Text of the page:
1029 Southard St., Key West
If it was a slow day for fishing or you just crave some prime beef with all the trimmings, Sixty- One delivers a big-city beef emporium to the tropics in a stylish, upscale business setting.
Hawks Cay Resort, 61 Hawks Cay Blvd., Marathon, Duck Key
SLOPPY JOE’S BAR
Eat and drink like Hemingway where he hung out with friends. Dating back to 1933 (the end of Prohibition), the original saloon moved to Duval Street in 1937. Enjoy live music, dancing, a solid menu and cold beer.
201 Duval St., Key West
Once an abandoned 1923 constructed warehouse in Asheville, North Carolina, it took a creative group of designers, artists, musicians, chefs and business folks to transform a neglected, 100-year-old structure into one of Asheville’s most interesting and daring hotel projects.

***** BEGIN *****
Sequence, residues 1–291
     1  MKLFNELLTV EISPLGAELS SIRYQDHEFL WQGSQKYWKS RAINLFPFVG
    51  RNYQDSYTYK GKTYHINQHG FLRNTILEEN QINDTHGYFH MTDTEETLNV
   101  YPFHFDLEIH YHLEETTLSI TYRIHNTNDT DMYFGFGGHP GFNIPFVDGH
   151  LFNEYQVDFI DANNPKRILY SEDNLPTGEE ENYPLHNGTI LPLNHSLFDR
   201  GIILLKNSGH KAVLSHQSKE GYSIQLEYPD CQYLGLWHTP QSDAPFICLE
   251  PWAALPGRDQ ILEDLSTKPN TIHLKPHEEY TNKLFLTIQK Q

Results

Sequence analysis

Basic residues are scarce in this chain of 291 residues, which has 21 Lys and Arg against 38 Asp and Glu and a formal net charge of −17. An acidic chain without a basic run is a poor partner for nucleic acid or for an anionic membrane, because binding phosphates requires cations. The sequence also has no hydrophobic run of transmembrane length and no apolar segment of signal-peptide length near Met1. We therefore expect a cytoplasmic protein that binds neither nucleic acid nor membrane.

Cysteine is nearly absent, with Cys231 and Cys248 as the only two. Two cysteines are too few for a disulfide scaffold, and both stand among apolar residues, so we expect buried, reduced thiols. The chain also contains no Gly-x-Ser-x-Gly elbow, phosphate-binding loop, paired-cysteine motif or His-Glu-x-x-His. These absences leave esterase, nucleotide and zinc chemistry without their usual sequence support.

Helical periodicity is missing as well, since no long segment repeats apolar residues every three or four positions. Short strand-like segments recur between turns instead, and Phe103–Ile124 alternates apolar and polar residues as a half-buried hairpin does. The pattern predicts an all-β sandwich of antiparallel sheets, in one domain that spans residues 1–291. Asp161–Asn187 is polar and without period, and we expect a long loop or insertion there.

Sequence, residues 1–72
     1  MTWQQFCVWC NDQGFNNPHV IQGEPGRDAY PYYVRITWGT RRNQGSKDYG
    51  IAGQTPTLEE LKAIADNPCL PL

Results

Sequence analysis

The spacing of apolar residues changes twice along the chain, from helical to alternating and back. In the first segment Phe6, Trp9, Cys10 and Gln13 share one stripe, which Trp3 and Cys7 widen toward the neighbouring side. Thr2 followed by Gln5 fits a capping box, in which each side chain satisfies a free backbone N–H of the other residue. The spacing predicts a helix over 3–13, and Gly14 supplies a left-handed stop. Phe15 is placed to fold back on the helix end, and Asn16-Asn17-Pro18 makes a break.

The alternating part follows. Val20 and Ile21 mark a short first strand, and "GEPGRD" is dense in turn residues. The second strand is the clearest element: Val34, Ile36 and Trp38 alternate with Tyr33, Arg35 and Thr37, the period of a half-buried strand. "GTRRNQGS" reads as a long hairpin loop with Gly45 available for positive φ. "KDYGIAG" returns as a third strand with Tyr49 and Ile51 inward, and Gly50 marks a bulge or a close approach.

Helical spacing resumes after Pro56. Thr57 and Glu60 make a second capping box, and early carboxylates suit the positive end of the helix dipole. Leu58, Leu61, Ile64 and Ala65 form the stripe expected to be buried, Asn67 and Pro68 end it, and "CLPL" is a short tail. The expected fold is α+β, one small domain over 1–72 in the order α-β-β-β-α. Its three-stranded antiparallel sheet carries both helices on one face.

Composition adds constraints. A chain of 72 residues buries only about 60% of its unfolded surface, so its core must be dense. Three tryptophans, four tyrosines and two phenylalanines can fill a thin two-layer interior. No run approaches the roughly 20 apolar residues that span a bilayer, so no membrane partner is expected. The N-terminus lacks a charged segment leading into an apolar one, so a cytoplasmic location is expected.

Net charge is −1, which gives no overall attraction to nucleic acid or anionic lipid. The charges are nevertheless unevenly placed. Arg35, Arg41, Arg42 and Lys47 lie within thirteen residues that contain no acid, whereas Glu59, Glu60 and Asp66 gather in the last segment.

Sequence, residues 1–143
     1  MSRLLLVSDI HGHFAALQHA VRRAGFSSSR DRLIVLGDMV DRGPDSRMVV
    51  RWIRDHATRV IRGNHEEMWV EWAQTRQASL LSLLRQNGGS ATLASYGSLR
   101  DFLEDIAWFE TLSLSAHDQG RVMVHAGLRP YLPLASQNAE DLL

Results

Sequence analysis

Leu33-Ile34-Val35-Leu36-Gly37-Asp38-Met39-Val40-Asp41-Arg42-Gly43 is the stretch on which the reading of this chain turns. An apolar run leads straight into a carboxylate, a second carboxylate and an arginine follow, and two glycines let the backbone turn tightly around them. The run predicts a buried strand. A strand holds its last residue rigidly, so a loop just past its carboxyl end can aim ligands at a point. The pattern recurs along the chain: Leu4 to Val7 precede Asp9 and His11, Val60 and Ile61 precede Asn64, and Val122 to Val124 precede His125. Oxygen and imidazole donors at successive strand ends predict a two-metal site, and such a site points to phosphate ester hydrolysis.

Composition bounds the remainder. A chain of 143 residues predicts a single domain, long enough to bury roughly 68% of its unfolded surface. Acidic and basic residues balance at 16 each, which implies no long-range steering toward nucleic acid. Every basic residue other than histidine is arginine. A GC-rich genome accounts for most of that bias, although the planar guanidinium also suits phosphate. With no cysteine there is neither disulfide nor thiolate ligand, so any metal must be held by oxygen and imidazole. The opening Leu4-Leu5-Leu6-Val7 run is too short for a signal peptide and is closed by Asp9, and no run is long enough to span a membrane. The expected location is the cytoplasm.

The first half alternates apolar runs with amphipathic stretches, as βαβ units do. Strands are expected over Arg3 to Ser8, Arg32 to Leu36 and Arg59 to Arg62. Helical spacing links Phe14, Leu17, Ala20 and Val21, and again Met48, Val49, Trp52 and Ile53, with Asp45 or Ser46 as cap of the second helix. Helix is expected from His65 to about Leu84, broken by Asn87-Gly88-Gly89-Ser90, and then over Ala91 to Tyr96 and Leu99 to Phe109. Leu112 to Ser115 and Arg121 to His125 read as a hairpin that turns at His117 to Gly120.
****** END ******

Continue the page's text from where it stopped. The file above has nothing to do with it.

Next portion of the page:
The Saronic or Argo Saronic Islands of Greece call travelers to explore its seven small islands and islets brimming with history, natural sites and more. With most easily accessible by boat, the islands’ proximity to ports of Athens make the Saronic Islands an ideal destination for those preferring shorter boat rides. In fact, trips from Athens ports to the islands take only between 10 minutes and two hours, depending on the island you choose, making them perfect for day or weekend trips. From Piraeus port, you can access Hydra, Spetses, Aegina and Poros directly. Come explore these stunning islands with us and find the inspiration to plan your next trip to these islands. Hydra Hydra town curves around a slope overlooking the Argosaronic Gulf like an amphitheater and is considered one of the most romantic destinations in Greece. Most unique to the island is its lack of vehicles. People on the island get around on mules and donkeys as well as water taxis, making for a peaceful and laid-back day. Hydra lies a two-hour ferry ride from Piraeus port in Athens.